The Winter Solstice, which corresponds with the Sun’s movement into the sign of Capricorn, brings us into Saturn’s season. Aquarius, traditionally recognized as Saturn’s second sign, comes right after Capricorn, allowing Saturn’s reign to continue through these coldest months of the year.
Accordingly, the qualities of limitation, restriction, coldness, and slowness abound during these times, inviting an experience—and a wisdom— which is utterly Saturnian.
To make the most of the chilly darkness one must use the limits of the season to move deeper within. This understanding of seasonal energetics is embedded in astrological understanding as well as in the wisdom of Traditional Chinese Medicine.
In Chinese Medicine, fear is the emotion associated with the Winter season and, indeed, darkness, coldness, and stillness are often scary. However, the ability to withstand harsh terrain grants great internal power.
Saturn tends to consolidate in the name of truth, using restriction to create focused direction and, ideally, to cultivate the relationship to inner truth.
Yet, the path through the darkness also requires balance. The dark days of the year are full of traditions and practices which involve the generation of light and heat, and these are essential for our energetic and physical health at this time. The coziness of a crackling fire on a snowy night, the spirit sparked by holiday lights and seasonal celebrations, the festive spices cooked into baked goods, and other seasonal traditions of the winter are not only opportunities to bring warmth to coldness, but symbols of the inner work transpiring at this time. They are outward expressions of how the darkness guides us to find and create our own light and heat.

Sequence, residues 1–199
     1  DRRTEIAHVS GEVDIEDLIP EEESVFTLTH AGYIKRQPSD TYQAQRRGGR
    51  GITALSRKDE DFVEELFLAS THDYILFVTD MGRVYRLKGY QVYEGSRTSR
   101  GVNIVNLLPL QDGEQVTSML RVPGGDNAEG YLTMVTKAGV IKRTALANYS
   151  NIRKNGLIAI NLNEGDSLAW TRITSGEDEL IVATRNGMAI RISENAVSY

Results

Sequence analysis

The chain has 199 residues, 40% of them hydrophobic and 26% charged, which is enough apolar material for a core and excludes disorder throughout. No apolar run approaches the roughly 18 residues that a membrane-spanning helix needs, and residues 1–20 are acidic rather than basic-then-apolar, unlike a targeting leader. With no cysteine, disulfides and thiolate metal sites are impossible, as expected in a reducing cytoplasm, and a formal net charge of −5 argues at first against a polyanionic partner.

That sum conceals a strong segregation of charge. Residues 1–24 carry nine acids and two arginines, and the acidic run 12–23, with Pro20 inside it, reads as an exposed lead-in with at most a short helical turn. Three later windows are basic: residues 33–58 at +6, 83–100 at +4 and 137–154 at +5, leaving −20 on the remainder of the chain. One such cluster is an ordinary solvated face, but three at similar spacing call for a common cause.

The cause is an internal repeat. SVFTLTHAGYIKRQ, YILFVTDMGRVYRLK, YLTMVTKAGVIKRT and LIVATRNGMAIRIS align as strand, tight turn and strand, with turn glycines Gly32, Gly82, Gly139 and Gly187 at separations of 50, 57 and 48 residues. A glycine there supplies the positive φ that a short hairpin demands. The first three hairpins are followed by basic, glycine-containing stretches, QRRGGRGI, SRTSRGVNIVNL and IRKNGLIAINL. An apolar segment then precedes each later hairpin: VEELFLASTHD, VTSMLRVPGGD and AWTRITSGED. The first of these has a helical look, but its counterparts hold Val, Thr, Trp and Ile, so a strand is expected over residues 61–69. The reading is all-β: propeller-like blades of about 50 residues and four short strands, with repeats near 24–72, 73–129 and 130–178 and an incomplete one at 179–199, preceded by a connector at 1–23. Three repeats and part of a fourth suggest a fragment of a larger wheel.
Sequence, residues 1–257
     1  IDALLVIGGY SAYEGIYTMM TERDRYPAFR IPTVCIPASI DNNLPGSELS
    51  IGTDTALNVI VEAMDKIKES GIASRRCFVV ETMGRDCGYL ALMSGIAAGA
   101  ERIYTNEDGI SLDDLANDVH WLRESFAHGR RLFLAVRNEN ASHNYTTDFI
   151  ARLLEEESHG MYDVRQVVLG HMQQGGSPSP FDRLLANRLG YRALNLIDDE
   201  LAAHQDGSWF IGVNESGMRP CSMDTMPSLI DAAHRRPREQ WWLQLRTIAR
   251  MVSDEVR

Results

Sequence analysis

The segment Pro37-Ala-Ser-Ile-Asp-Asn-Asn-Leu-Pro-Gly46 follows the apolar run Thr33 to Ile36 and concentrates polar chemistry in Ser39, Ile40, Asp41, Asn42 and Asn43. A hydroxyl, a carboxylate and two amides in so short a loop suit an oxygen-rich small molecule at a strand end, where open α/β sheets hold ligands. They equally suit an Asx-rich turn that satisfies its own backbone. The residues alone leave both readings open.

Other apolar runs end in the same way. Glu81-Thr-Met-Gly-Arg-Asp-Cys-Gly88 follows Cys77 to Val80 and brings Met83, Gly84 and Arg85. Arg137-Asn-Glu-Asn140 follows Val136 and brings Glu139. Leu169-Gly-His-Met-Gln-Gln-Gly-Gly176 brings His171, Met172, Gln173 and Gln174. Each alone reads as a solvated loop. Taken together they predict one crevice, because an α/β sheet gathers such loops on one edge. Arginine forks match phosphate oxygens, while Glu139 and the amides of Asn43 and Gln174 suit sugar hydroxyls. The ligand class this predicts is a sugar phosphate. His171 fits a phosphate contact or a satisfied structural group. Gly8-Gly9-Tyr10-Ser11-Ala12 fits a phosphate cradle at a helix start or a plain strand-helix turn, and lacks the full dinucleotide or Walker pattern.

The slow and careful qualities of the season also show up in the way we care for ourselves at this time of year. Traditional Chinese Medicine suggests we partake in the depth of nourishment provided slower cooked foods, such as soups and stews, throughout the winter. Root vegetables, which take longer to grow, are recommended as they offer warmth to the body. To support the kidneys, blue and black foods, including black beans, legumes, black sesame, and forbidden rice are helpful additions to the diet during the winter. Additionally, drinking enough good, clean water is always recommended for proper kidney functioning!
Quieting, resting, and allowing stillness (processes associated with both Saturn and the Kidneys) are essential practices at this time of year. It is from the yin wisdom of the Winter that we are offered invitations to look after ourselves deeply, to move consciously into the quieter parts of our being, and discover that which is less visible when external abundance prevails.